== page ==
Right now, people all over the world are giving up something for Lent; soda, chocolate, meat, Netflix. In fact, a survey by Ohio University shows that one in four Americans give up something for Lent.

Fargo local Jordan Maahs was aware of this fact as he brainstormed what would become the first place winning idea of Startup Weekend Fargo 2016.

As the Missions Manager of local non-profit Unseen, he was also aware of the struggle to engage their volunteer network in meaningful fundraising.

“The non-profit fundraising system is broken,” he said during his pitch. In Unseen’s case, it’s not that there aren’t enough people willing to help out, he said; it’s just a matter of giving people a way to help out in a meaningful way.

Inspired by people like John Sweeney of Suspended Coffees, a champion of the pay-it-forward mentality, and paired with the fact that people like to practice self-discipline, as illustrated during Lent, Maahs came up with an idea for a project called Givv app.

The concept is this: A person gives up something, such as coffee or soda, and pledges the money they would spend on those items towards their favorite non-profit instead.

Say, for example, you want to give up drinking coffee three times a week. The app gives you an estimate for how much that coffee would cost: about $9.00. You can then select to either pay now or pledge the money, as an accountability tactic to hold to that pledge. A variety of non-profits would join the platform and users can donate the money to their favorite one.

Givv app

When Maahs pitched the idea on pitch night, March 4, participant Ryan Benneck was in the audience taking notes.

“A lot of the ideas sounded like ‘the Yelp of blank’ but with Jordan’s I couldn’t think of what it would relate to,” he said. “That got the gears turning.”

The winning team assembled that night, including Maahs as team leader, Benneck and McCal Johnson as graphic designers, Adam Baumgartner as social media guru, Concordia students McKenzy Diehl and Skyler Stoner as research analysts and Nick Waverek as a developer (whom they poached from another team.)

The team was unique in a few ways; for one, it was the first Startup Weekend experience for many of them. It was a first for Maahs, although he did intern with last year’s Honorable Mention team Fargo Hotcakes.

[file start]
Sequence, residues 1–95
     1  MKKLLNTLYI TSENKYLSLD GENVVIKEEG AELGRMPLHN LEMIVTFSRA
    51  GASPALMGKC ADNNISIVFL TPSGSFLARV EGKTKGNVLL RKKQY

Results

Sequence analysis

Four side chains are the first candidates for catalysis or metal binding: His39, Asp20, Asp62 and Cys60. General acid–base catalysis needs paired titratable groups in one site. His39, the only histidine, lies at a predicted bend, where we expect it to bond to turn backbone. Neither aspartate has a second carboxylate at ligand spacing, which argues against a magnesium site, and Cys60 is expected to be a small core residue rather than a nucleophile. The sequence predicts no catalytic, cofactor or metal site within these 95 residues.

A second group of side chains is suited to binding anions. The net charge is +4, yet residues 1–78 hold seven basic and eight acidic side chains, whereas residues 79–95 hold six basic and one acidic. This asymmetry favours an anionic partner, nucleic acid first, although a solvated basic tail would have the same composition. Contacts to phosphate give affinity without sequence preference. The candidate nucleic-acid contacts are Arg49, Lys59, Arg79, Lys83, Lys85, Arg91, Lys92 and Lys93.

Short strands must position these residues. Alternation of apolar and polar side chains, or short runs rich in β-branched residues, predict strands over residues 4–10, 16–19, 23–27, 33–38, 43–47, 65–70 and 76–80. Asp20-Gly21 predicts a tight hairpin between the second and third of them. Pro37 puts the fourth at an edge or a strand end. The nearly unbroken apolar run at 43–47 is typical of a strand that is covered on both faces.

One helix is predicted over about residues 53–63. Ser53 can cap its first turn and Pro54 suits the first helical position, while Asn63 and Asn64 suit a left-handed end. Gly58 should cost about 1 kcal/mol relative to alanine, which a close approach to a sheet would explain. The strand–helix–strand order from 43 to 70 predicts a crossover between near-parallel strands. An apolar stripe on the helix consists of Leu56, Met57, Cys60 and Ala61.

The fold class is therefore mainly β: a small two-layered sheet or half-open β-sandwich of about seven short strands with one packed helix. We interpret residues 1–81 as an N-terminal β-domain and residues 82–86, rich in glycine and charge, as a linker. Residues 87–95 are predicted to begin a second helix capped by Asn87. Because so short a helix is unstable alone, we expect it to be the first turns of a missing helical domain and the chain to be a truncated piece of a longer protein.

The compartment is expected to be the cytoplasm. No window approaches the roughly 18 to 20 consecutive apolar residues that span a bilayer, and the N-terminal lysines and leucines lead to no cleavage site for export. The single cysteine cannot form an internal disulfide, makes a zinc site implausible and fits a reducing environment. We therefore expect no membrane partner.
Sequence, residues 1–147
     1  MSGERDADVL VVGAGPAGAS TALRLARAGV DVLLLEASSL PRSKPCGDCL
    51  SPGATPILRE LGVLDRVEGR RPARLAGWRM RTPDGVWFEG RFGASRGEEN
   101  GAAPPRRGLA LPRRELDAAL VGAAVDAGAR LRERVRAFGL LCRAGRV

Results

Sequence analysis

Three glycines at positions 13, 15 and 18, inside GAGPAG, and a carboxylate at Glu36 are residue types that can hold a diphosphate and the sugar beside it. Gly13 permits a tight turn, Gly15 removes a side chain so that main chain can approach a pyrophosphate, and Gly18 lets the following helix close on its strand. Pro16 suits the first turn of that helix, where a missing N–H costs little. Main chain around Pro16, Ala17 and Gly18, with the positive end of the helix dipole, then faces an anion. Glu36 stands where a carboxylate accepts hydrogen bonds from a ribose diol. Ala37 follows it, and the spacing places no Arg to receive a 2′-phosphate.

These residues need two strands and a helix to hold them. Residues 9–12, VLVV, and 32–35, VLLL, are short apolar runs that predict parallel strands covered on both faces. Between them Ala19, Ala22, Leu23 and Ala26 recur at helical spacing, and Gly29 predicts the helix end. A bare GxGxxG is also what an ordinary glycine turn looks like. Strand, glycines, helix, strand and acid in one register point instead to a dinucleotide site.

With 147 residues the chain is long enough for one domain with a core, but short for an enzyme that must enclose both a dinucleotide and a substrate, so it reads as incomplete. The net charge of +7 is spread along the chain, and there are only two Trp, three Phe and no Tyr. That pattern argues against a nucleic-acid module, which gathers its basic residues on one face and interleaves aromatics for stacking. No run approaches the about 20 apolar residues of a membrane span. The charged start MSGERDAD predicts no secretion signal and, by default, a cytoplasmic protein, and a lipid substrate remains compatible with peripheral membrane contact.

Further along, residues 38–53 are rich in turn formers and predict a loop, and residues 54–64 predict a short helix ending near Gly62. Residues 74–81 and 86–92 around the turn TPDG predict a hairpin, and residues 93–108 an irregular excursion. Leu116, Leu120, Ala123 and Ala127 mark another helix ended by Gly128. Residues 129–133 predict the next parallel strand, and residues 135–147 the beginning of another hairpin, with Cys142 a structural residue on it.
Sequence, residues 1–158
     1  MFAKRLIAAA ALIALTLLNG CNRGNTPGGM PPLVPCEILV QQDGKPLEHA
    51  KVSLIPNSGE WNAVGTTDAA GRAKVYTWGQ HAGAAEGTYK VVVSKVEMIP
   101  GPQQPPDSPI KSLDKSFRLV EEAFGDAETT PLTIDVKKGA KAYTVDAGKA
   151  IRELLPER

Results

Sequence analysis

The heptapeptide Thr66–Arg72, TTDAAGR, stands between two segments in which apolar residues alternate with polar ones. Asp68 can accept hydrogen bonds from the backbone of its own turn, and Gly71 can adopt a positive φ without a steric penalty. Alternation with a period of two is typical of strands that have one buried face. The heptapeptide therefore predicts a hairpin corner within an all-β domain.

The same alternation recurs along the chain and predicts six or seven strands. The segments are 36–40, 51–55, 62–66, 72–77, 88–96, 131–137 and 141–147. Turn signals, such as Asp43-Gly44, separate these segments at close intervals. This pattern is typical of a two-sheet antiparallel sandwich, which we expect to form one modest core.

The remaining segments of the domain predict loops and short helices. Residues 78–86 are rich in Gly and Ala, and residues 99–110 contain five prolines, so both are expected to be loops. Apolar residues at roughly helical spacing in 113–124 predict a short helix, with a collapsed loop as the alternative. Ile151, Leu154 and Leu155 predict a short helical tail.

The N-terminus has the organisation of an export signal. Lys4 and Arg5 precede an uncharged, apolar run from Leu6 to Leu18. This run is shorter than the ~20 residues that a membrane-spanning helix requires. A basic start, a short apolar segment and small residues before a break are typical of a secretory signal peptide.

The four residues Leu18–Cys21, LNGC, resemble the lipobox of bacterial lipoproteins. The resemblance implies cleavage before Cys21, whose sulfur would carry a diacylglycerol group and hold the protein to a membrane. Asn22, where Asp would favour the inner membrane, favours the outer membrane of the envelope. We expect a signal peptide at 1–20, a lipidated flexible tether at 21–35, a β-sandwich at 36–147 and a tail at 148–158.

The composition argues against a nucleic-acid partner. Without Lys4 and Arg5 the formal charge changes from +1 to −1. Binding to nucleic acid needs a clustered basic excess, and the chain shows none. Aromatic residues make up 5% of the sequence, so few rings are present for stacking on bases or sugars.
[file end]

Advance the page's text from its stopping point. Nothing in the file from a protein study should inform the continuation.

“They taught me everything I know,” Maahs said.

It was also much bigger than the recommended size for a team, which is five.

“So right off the bat we were biting off something really big,” Maahs said.

The main turning point in the development of the idea, which they christened Givv App, came on Saturday after Maahs spoke with Startup Weekend facilitator, the legendary Shane Reiser.

“The shift for us was realizing that the best way to validate this was to build it by tomorrow at lunch, …and see if people are willing to put money on the line,” Maahs said.

Givv app

Thus ensued a jam-packed Saturday wherein they built a working web application. But they did so without writing a single line of code.

“People see this as something that’s super complex, but at the end of the day it’s really a front end WordPress website, attached to a Typeform, attached to a Stripe account, attached to Mailchimp,” Benneck said. “That’s what I think is brilliant about this. We didn’t reinvent the wheel, we connected the dots and created a tool.”

By Sunday morning they were ready to launch. Five hours before presenting in front of the judges, they released it to the public, hoping for validation. Unseen partnered with them as a beta tester, and they began reaching out to those volunteers.

They came through.

“It was super scary for two hours,” Benneck said. “But as soon as the donations started rolling in we all got pumped up.”

In those few hours, over 30 people pledged over $300 through the Givv app platform. This result was a clincher for judges later that afternoon when the team presented at the Fargo Theater.

“They’ve got money validation, which I always like,” said James Burgum, a judge from Arthur Ventures.


Judge James Burgum takes the mic

Another judge, Howard Dahl of Amity Ventures, pointed out similarities between Givv app and the very successful “Donate Your Birthday” campaign by Charity:Water. The majority of the judges agreed that the app has huge potential to expand.

Even before being announced as the first place winners, Maahs said he was being approached by people in the audience involved with non-profits wanting to start a Givv app campaign.

“I’ve already had several non-profits reach out and express interest,” he said.

For now, they are taking careful steps forward, Maahs said. The team is planning a meeting to discuss the next steps. The plan is to continue with the project, Maahs said.

Although their original business plan was to take 5% of the cut from each transaction, all the money may just go towards non-profits as well, the team said.

“None of us are in it for the money,” Maahs said. “It’s about how can we get people to not only better themselves, but also give back to the world.”

Check out Givv app here!


Photos courtesy of Brittany Sickler and Nick Friesen, with Friesen Photography.

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Marisa Jackels